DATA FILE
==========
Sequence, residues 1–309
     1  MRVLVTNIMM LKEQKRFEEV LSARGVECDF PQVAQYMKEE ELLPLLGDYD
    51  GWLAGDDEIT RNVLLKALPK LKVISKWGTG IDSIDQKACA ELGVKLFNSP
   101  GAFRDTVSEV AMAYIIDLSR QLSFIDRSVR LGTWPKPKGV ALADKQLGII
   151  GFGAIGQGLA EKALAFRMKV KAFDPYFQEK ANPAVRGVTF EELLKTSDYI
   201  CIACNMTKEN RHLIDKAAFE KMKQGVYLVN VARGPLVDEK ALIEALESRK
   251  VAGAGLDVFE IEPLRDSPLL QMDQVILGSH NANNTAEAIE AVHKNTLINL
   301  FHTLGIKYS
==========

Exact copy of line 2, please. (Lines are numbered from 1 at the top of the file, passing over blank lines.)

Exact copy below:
     1  MRVLVTNIMM LKEQKRFEEV LSARGVECDF PQVAQYMKEE ELLPLLGDYD